The pediatric oncologist met with Patient A and his parents to discuss the findings. Before the oncologist could discuss the diagnosis, Patient A's mother requested that the oncologist speak with only her and her husband before telling the patient. Both Mr. and Mrs. T seemed to be masking their emotions. The oncologist noted that Patient A should be included in the conversation, but Mr. and Mrs. T were adamant. Reluctantly, the oncologist discussed the diagnosis and prognostic factors with the parents only; he told them that the prognostic factors were favorable and noted that a clinical trial would be the best option. Mr. and Mrs. T began to express strong emotions, with Mrs. T crying and Mr. T becoming angry. They did not ask any questions, and Mr. T said he did not want his son to be a "guinea pig" in a clinical trial. The oncologist encouraged them to consider the decision carefully and to talk about the diagnosis with Patient A. When the oncologist suggested that Patient A be involved in the decision about participating in a clinical trial, both parents argued that he was too young to make such a decision. The oncologist provided Mr. and Mrs. T with educational resources and the names of some parents who had agreed to talk with parents of children with newly diagnosed leukemia. He also told them that a decision would need to be made quickly, as treatment should begin as soon as possible.

The emotional behavior of Mr. and Mrs. T indicates that they are having a difficult time dealing with their son's diagnosis. It is important for the clinician to be empathic and to encourage them to express their emotions. The clinician should also reiterate the importance of Patient A being involved with discussions about the diagnosis and treatment. Among the favorable prognostic factors are Patient A's age; age at the time of diagnosis is a strong prognostic factor, and disease-free survival is better for children 1 to 9 years of age than for other age groups. In addition, hyperploidy is associated with a highly favorable prognosis. These factors will allow treatment with a standard-risk protocol. Clinical trial participation should always be encouraged, as it provides the maximum opportunity for cure and long-term survival. The age threshold for a child participating in a discussion about a clinical trial has been debated, but most agree that individual decisions should be made on the basis of the child's level of maturity and physiologic and psychologic state. The Children's Oncology Group recommends that the clinician and parents seek the child's perspective and that the clinician should encourage the parents and patient to make the decision jointly as a family. During the clinical trial discussion, the clinician should discuss all facets of the clinical trial, emphasizing that a trial involves several possible treatment options, one of which is the treatment their child would receive outside of the clinical trial. Parents of children with cancer have suggested that providing educational resources and arranging for discussions with other parents are helpful for making decisions about a clinical trial.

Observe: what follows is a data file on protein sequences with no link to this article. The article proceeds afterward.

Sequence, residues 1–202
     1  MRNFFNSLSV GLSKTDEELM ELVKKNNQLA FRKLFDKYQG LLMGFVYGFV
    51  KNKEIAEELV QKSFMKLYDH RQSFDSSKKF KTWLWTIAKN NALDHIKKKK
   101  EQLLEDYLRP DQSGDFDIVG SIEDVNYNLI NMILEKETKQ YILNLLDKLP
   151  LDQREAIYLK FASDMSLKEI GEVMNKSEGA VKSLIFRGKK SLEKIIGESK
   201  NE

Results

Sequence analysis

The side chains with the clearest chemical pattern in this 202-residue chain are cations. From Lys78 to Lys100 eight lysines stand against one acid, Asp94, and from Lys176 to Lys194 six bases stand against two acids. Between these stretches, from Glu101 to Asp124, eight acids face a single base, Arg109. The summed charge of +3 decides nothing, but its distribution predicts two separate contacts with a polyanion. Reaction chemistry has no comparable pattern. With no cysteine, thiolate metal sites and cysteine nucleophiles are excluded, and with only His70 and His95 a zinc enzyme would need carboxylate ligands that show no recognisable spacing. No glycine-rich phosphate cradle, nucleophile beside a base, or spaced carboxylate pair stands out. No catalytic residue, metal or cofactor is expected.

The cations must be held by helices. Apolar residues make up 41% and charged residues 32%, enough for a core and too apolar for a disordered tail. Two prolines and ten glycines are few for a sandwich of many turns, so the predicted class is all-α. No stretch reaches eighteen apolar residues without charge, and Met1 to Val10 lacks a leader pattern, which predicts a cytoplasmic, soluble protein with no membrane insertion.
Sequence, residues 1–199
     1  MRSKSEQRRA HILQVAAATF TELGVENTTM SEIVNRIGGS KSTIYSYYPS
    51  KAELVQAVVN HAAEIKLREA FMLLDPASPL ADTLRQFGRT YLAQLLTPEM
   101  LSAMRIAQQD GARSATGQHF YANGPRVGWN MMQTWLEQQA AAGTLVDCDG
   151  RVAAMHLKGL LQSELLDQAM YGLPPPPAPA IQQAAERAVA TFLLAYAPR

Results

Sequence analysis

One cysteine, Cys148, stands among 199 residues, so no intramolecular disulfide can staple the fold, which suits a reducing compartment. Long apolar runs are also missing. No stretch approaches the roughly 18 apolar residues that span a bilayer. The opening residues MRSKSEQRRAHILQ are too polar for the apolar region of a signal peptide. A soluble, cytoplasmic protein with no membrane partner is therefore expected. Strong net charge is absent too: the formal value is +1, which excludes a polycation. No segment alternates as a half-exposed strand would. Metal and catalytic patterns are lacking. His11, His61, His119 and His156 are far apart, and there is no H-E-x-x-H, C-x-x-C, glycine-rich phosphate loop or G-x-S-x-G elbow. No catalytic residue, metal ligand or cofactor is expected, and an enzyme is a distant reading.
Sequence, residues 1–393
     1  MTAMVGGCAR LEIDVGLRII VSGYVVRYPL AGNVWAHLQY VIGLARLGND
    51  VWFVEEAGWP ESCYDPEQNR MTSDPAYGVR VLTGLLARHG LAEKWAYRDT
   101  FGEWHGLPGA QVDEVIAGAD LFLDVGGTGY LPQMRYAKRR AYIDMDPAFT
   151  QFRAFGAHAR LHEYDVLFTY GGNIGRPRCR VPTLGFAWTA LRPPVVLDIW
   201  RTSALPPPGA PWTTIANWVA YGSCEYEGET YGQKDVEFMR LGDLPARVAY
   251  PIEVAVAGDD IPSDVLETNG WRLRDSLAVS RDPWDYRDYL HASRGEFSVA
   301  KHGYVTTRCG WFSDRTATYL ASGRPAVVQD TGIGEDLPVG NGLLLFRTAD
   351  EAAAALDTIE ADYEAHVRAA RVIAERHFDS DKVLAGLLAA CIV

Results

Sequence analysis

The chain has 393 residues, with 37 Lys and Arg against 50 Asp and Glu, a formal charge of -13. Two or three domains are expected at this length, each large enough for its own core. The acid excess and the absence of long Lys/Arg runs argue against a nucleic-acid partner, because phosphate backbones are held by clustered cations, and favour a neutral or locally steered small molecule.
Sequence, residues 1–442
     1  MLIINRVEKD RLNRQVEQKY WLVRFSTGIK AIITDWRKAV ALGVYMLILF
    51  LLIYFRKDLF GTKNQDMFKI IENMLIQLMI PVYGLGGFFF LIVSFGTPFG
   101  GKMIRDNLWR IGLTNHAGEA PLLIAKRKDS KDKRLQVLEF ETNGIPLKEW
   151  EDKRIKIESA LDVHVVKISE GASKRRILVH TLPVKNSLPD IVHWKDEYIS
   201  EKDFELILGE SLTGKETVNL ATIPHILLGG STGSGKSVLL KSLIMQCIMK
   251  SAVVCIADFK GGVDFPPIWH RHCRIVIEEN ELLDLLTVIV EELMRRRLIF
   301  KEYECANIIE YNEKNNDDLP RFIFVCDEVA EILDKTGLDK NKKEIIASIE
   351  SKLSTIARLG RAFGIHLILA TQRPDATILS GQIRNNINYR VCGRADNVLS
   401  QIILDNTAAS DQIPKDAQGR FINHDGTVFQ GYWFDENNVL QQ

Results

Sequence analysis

Mr. and Mrs. T met with other parents and gained support for their emotional reactions. They also decided that Patient A should know about the diagnosis. He had many questions, and they arranged a meeting with the oncologist. The oncologist also discussed the possibility of a clinical trial, and Patient A said he wanted to participate; his parents supported his decision.

Patient A received induction therapy, CNS prophylaxis, consolidation therapy, and three years of maintenance therapy. Throughout his treatment, the patient received support from his extended family, friends, and classmates. He was tutored at home and managed to keep up with his school work. Four years after diagnosis, Patient A has no evidence of disease and he has returned to a "normal" life of school and activities. The pediatric oncologist documented the patient's complete diagnosis and a comprehensive account of treatment in a survivorship care plan, which he forwarded to the patient's pediatrician.

As Patient A continues routine health care, the survivorship care plan will provide the information his pediatrician and subsequent physicians need to understand his health risks according to his cancer type and its treatment. His physicians should also consult the Children's Oncology Group's evidence-based guidelines for the long-term follow-up care of childhood cancer survivor to provide individualized follow-up care and screening. Lastly, Patient A's physicians should use every healthcare visit as an opportunity to educate Patient A (and his parents) about his specific health risks and the importance of appropriate prevention measures, engaging in healthy lifestyle behaviors, and avoiding risky behaviors.

Learning Tools - Case Studies

CASE STUDY 2

E is a Puerto Rican girl, 10 years of age, whose brother, Patient M, 5 years of age, is in the second year of his three-year course of chemotherapy for ALL. Before Patient M was diagnosed with cancer, E enjoyed helping her mother with his care and teaching him how to count and to say the alphabet. E also enjoyed taking dance classes, and she and her classmates would visit each other's homes to practice. E's mother, Mrs. P, does not work outside the home and had been very involved in E's activities before the diagnosis. E's father, Mr. P, works full-time on the weekdays and paints houses on the weekends to ensure that the family can live in a nice neighborhood outside of the city. Several Puerto Rican families live in the neighborhood, and the P family enjoys close ties within this community. Both Mr. and Mrs. P speak Spanish as a first language and use English sparingly.